Celebrating 106 years of Meskwaki tradition | News, Sports, Jobs

After two long years, the Meskwaki Powwow returns for its 106th annual celebration. Photo by Vanessa Roudabush

Powwow Princess Irene Keahna (right) and Jr. Princess Sade Kapayou (left), followed by their families dance to the Honor Song, commemorating current and past princesses that have represented the Meskwaki tribe during powwow season. Photo by Vanessa Roudabush

Head Woman Dancer Yolanda Pushetonequa and Head Man Dancer Romeo Buffalo lead the Grand Entry Song on the final day of the powwow. Photo by Vanessa Roudabush

This traditional religious Buffalo Dance honors the Lord of the Plains, the ending spirit of the buffalo. Photo by Vanessa Roudabush

A Butterfly Dancer swirls around in her dance regalia during the Friendship Dance. Photo by Vanessa Roudabush

The Pipe Dance is reserved for the protectors of the people and is the pride of the nation. The dancers honor the bravery and heroism of warriors by raising their pipes to the sky. Photo by Vanessa Roudabush

The women smile and laugh as they perform the Swan Dance. Photo by Vanessa Roudabush

Originating after World War I, the Victory or Soldiers Dance is dedicated to the armed forces and honors every veteran for their service. Photo by Vanessa Roudabush

Romeo Buffalo takes a warrior’s stance during the Shield Dance. Photo by Vanessa Roudabush

Romeo Buffalo kneels as Jacob Youngbear dances around him during the Shield Dance. Photo by Vanessa Roudabush

William Harjo of the Sequoyah tribe in Oklahoma plays the flute for guests from his booth, where he’s selling his CDs and hand-carved flutes. Photo by Vanessa Roudabush

Meskwaki dancers line up to serpentine around the arena to interpret the snake’s journey across the land. Photo by Vanessa Roudabush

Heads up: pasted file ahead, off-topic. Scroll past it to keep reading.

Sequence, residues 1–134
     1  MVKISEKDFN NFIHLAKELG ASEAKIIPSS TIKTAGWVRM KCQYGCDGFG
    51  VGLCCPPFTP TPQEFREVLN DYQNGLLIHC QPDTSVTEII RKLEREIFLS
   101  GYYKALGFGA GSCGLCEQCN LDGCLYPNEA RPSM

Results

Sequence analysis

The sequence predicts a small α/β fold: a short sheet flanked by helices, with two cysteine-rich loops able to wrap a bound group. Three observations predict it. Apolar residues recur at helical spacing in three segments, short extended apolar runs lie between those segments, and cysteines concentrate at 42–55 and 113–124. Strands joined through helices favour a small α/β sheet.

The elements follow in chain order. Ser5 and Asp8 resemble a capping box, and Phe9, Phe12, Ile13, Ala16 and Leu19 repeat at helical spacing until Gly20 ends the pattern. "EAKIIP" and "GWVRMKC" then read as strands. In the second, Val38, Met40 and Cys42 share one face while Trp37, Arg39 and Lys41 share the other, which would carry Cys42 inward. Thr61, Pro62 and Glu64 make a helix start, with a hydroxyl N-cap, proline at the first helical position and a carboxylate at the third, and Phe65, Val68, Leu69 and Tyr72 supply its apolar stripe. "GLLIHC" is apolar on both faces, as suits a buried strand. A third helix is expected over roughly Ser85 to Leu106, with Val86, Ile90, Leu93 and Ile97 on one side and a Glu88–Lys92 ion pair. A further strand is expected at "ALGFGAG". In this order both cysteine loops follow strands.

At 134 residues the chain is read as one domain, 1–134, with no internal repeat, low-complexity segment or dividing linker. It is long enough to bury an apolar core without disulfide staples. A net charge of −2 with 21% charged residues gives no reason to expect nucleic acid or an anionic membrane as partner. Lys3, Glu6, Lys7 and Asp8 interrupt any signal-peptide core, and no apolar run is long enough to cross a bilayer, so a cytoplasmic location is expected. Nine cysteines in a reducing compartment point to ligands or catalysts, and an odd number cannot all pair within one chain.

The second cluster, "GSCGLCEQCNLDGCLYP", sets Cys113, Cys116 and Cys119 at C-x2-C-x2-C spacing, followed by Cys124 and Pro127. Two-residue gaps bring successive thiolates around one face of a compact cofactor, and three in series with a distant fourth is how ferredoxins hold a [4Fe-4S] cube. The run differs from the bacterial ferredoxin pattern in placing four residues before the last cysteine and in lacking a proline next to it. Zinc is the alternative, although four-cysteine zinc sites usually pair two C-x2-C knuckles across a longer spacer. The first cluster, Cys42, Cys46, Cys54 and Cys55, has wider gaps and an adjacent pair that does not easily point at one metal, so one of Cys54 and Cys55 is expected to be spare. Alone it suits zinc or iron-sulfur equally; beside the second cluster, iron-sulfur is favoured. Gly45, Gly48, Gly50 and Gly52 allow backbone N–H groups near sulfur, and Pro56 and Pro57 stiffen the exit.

Kids flow through the divided dancers during the Snake Dance, mirroring the shedding of a snake’s skin. Photo by Vanessa Roudabush

All the powwow dancers encircle one other to characterize a snake coiling up for hibernation. Photo by Vanessa Roudabush

As the Meskwaki dancers divide into rows, they begin to dance harder and faster as they approach a pole in the grass. They hop over the pole to portray the snake’s coming into the new world. Photo by Vanessa Roudabush

Women’s Jingle dancers’ outfits, covered in rolled metal cones, clatter against one another, making a unique sound that adds to the drumbeat and movements as they dance towards the new world. Photo by Vanessa Roudabush

The old bears were requested to perform a finale of the Snake Dance. Photo by Vanessa Roudabush

After three years of wading through the pandemic, the Meskwaki Powwow — a celebration of the tribe’s religious beliefs and social tradition — returned for its 106th iteration from August 11-14. It is the only event of its kind in the world.

The modern-day powwow has been adapted from the Meskwaki’s “Green Corn Dance,” an old traditional event celebrating the fall harvest that lasted upwards of three weeks. The tribe would gather for a feast and then preserve the surplus of crops for the winter months. Traditional dance and song would ring throughout the village, along with horse racing, gambling, and games. After the festival’s closing, families would return to their winter hunting grounds until the following spring.